“The often-euphemistic reason given for his resignation, which came at the end of his probationary period, is the desire to explore career options. . . . Orchestras are large families all unhappy in their own ways, their inner dynamics a mystery to outsiders. From a listener’s point of view, however, the cello section under Shulman has been robust; his solos with the orchestra never let you down.”   (Los Angeles Times, March 2, 2002)

After what turned out to be one of his last performances with the Philharmonic, I remember seeing Shulman, Salonen, and Daniel Rothmuller (Associate Principal Cello) sharing a beer or two at the old Otto Rothschild’s restaurant (what is now known as “Kendall’s Brasserie)” beneath the Dorothy Chandler Pavillion.   They seemed to be getting along. . . .

And now, after a still-relatively-brief nine-year tenure by Peter Stumpf, the orchestra faces the strong possibility that it will have to look for another Principal Cello.  We won’t know for sure for another year, but in the meantime, it will be interesting to see what effect, if any, Stumpf’s absence will have on the section.  He is certainly a respected and capable player;  I found his solo performances in the Prokofiev Sinfonia-Concertante and the Brahms Double Concerto to be fine, if not particularly distinctive or noteworthy.  In contrast to the notable change in character of the sections sound during Shulman’s tenure, and despite having to deal with the less-than-perfect acoustics in the Dorothy Chandler Pavilion, the evolution of the cello section’s sound seemed more to do with where they were placed within the string section at Walt Disney Concert Hall than to any influence Stumpf may have brought.  Perhaps Stumpf has better people/political skills than Shulman did; clearly, being the principal in any orchestra requires more than just being able to play well.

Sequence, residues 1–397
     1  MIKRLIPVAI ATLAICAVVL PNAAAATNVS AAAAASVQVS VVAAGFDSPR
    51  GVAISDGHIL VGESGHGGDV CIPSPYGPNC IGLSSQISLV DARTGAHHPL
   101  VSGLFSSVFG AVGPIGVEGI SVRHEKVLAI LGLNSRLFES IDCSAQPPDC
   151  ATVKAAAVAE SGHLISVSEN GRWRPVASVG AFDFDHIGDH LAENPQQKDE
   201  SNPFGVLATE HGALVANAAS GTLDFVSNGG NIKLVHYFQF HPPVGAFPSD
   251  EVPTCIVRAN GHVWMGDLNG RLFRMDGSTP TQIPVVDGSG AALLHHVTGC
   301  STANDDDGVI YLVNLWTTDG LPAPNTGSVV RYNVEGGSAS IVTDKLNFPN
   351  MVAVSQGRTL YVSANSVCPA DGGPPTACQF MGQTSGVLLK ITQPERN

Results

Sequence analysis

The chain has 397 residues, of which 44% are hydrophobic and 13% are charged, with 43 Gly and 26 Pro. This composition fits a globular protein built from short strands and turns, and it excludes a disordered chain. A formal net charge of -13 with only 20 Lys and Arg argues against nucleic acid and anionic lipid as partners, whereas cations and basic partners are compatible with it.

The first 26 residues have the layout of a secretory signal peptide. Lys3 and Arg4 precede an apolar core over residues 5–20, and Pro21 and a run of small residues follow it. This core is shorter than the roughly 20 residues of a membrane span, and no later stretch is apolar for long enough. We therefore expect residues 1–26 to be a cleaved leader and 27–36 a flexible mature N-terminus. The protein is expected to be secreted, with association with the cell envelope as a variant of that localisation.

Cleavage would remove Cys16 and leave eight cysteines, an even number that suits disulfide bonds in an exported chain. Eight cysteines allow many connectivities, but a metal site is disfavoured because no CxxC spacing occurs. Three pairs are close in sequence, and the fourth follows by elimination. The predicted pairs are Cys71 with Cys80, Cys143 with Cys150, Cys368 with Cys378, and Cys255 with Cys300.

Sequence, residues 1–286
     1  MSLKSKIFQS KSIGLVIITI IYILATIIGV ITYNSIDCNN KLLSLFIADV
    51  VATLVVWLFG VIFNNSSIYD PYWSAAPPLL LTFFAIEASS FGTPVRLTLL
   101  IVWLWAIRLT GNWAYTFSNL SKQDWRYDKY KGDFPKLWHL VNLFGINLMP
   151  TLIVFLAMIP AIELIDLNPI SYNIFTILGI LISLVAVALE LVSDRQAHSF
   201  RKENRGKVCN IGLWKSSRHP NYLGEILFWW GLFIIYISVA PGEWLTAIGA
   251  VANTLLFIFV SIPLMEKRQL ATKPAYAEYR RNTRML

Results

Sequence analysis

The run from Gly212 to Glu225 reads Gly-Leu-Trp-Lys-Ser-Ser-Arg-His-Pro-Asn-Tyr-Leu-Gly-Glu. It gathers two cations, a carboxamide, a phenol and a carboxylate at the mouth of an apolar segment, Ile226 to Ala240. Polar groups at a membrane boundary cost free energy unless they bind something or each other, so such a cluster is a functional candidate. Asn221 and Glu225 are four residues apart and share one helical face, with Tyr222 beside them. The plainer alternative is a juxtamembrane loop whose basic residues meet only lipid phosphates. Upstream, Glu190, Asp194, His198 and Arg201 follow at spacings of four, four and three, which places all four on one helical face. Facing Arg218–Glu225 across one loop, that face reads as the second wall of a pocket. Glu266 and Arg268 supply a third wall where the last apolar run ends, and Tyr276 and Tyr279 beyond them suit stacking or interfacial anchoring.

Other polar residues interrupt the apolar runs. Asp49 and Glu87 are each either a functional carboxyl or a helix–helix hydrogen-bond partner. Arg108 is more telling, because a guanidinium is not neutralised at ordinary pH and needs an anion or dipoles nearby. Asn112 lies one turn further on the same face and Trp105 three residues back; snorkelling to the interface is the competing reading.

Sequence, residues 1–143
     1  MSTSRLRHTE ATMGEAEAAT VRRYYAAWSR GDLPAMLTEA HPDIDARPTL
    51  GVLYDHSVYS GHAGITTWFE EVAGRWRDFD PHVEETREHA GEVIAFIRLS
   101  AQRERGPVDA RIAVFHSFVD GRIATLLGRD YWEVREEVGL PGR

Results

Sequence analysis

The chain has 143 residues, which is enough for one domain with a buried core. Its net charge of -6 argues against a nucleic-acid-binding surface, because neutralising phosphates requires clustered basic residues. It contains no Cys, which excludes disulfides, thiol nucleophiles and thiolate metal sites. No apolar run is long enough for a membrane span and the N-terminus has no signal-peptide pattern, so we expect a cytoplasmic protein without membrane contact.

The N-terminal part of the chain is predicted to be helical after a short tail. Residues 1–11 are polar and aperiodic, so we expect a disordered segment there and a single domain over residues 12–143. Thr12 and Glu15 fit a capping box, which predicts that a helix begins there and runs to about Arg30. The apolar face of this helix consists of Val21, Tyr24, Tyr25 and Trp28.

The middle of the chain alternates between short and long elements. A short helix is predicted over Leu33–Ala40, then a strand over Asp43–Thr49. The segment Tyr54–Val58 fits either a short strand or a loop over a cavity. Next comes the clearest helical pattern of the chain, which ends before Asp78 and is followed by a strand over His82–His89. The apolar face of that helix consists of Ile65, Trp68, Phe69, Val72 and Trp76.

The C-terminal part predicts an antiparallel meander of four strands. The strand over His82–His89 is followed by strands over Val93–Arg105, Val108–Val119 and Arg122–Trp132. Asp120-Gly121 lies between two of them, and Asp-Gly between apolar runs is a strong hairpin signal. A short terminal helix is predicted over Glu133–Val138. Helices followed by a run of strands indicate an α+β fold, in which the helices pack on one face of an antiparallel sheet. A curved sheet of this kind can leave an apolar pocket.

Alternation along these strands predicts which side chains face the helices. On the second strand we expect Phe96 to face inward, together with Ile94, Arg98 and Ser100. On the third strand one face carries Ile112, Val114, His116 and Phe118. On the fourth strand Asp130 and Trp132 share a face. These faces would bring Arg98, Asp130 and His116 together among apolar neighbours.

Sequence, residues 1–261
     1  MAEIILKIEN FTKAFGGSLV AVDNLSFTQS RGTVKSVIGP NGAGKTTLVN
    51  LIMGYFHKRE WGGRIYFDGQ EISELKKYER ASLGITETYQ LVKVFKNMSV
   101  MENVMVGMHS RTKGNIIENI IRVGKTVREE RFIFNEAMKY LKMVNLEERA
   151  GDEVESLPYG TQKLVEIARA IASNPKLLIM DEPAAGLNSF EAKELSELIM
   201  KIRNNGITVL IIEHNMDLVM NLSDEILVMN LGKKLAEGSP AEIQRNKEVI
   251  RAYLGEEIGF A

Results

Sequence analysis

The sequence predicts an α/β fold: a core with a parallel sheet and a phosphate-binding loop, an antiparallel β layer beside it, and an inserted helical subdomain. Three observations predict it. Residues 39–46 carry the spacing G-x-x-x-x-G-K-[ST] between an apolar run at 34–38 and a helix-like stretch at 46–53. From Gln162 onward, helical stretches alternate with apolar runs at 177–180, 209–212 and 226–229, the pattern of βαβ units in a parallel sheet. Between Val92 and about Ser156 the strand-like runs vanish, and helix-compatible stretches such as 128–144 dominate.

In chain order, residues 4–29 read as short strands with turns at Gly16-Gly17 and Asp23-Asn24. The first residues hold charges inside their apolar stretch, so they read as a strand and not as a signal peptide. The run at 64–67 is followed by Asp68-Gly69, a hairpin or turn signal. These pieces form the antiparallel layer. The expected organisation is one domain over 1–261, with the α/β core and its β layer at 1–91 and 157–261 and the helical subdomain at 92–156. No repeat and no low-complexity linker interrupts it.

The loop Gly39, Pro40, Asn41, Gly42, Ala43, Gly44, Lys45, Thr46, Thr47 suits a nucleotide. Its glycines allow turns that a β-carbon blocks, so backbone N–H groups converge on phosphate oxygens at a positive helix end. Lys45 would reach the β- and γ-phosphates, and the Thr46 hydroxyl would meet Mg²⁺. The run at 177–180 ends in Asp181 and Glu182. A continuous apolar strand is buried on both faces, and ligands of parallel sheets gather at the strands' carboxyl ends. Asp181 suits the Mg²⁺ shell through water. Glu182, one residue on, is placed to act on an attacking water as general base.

For now, we’ll just have to wait and see.

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7 thoughts on “LA Phil comings and goings (part 1 of 3): As the Principal Cello chair turns . . .

  1. It is nice to see another new blog that is interested in classical music. But this post worries me a bit for two reasons.
    1. There is way too much of speculative guessing here about certain decade-old events that reveals that the blogger does not have the true full knowledge of all the related facts, yet is willing to elaborate and insinuate based on nothing but faulty premises, producing plenty of unwarranted innuendo.